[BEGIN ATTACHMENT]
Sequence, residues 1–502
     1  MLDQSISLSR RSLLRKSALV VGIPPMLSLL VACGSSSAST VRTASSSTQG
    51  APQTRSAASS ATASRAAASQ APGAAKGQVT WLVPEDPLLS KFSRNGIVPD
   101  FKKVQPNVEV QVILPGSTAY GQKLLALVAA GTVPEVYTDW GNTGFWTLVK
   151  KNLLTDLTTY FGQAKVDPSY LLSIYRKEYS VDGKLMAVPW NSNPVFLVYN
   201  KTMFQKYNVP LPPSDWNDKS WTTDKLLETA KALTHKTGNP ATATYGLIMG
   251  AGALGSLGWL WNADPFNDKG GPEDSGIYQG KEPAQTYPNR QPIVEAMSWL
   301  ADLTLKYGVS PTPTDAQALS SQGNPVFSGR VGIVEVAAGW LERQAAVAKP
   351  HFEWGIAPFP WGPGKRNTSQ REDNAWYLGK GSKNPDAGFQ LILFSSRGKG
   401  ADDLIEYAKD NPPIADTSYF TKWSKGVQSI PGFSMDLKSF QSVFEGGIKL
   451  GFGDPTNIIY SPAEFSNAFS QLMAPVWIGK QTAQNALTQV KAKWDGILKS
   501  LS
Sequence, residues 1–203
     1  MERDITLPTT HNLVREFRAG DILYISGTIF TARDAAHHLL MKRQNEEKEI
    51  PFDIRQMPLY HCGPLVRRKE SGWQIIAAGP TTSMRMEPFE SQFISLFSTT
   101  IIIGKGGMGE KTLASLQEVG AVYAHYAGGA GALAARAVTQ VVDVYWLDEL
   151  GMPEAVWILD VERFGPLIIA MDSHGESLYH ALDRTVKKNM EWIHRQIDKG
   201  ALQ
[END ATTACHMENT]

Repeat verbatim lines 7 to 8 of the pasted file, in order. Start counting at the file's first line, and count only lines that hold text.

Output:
   251  AGALGSLGWL WNADPFNDKG GPEDSGIYQG KEPAQTYPNR QPIVEAMSWL
   301  ADLTLKYGVS PTPTDAQALS SQGNPVFSGR VGIVEVAAGW LERQAAVAKP